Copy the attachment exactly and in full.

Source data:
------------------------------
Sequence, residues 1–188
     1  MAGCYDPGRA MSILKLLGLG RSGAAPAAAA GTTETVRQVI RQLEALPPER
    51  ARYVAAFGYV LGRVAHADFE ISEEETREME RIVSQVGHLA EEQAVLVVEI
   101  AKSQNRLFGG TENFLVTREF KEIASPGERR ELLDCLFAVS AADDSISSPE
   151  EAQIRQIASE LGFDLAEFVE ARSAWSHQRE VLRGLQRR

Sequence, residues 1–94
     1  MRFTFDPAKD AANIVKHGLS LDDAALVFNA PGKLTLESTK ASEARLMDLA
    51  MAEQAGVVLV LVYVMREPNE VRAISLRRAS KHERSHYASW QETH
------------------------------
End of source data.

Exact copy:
Sequence, residues 1–188
     1  MAGCYDPGRA MSILKLLGLG RSGAAPAAAA GTTETVRQVI RQLEALPPER
    51  ARYVAAFGYV LGRVAHADFE ISEEETREME RIVSQVGHLA EEQAVLVVEI
   101  AKSQNRLFGG TENFLVTREF KEIASPGERR ELLDCLFAVS AADDSISSPE
   151  EAQIRQIASE LGFDLAEFVE ARSAWSHQRE VLRGLQRR

Sequence, residues 1–94
     1  MRFTFDPAKD AANIVKHGLS LDDAALVFNA PGKLTLESTK ASEARLMDLA
    51  MAEQAGVVLV LVYVMREPNE VRAISLRRAS KHERSHYASW QETH